The Morning Fix: Spin firm flap! Time Warner-Fox battle may hit FCC. Weed means R for 'It's Complicated'
PR meltdown. The merger of Hollywood public relation giants PMK/HBH and BNC (no, we're not spelling out their names) has created a massive ripple effect as high-powered flacks hit the road to open their own shops. Since both companies have the same parent company, media and advertising giant Interpublic, the move is clearly about cost-cutting and consolidation. Still, it also marks the end of PMK, which was once the most powerful spin shop in Hollywood, and it's got everyone buzzing. Because this story has lots of ego, intrigue and backstabbing, it's no surprise that Deadline Hollywood has been leading the way in breaking news on it. Here's some more coverage from the Wrap too.
Time Warner Cable hits Fox at FCC. The battle between Time Warner Cable and News Corp.'s Fox got a little uglier this week. The cable giant, in a regulatory filing, accused Fox of violating Federal Communications Commission rules when it comes to negotiating fees for distributors to carry its broadcast signals. Specifically, Time Warner Cable says Fox is interfering in negotiations that its affiliates (that they don't own) are conducting with cable operators. That could be a big no-no. This one is a little complex for a blurb, but worth reading because this is a battle that is going to get bigger and spread to other media giants over the next year. The scoop from Broadcasting & Cable.
Define rebound? It was hardly a pop-open-the-bubbly forecast, but three major advertising firms are predicting growth next year. Of course, two of those firms, Group M and ZenithOptimedia (yes, that's one word), said the growth in the U.S. will be less than 1%. A real recovery, Group M said, may not take place until 2012, which also happens to be an election and Olympic year. Details on the predictions from the New York Times.
Russian invasion. ABC has a deal to try to develop Russia's top game show (insert lame joke about standing in line for prizes or drinking vodka here). The program, "What? Where? When?," which has been on for 35 years there, is a comical quiz show. The Hollywood Reporter on all the paperwork and visas it is taking to try to get a version of the show on here.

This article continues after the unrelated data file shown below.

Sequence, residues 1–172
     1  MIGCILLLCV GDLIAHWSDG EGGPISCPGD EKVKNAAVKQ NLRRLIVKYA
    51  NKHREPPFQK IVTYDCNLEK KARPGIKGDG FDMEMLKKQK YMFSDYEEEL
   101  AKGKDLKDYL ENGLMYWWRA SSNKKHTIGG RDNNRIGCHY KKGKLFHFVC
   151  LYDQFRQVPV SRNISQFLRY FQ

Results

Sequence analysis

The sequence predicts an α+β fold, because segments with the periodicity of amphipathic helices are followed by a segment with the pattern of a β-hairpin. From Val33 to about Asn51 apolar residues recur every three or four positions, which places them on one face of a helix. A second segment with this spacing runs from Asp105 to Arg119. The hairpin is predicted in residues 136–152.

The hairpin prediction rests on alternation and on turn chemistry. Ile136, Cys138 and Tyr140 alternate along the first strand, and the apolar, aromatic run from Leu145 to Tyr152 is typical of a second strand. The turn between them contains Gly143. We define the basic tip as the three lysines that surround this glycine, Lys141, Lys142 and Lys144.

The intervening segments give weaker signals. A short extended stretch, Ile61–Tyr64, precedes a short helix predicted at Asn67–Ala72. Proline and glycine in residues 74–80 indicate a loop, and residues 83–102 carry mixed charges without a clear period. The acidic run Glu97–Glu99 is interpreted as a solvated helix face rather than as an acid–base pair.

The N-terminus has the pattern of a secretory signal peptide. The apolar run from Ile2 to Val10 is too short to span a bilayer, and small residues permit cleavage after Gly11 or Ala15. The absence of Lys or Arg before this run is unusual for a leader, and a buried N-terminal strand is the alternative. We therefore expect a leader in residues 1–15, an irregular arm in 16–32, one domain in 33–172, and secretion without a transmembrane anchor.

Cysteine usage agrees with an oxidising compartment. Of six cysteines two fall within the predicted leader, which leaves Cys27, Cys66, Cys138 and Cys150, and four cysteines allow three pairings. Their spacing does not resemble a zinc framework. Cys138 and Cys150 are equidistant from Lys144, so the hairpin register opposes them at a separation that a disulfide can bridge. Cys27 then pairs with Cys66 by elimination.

Variety tries pay. Figuring that if people pay to get their content in one form, why not charge them to get it in another, Variety is starting to move much of its online content behind a pay wall. It used to be that way, but a few years ago the trade paper, like much of the media, made the ill-fated decision that traffic was more important than money. Now it will try to get the toothpaste back in the tube. Details on how it will work (for free) from Variety.
Are they high? The MPAA has given "It's Complicated" an R rating because it has a pot-smoking scene that features no bad consequences for the users (not even a binge-eating moment after?). The adult rating may hurt Universal's marketing plan, although, having seen the previews of the Meryl Streep, Alec Baldwin and Steve Martin comedy, I'd think most of the target audience is adult and not kids or families. Nonetheless, it reminds one of the debate over a similar scene in the teen flick "Clueless" all those years ago. The dope on the R rating from the Los Angeles Times.
Inside the Los Angeles Times: New Mexico is putting $10 million into a Santa Fe-based movie and TV studio. John Horn on Fox Searchlight's "Crazy Heart," which almost ended up on a dust heap and is now a hot property.
-- Joe Flint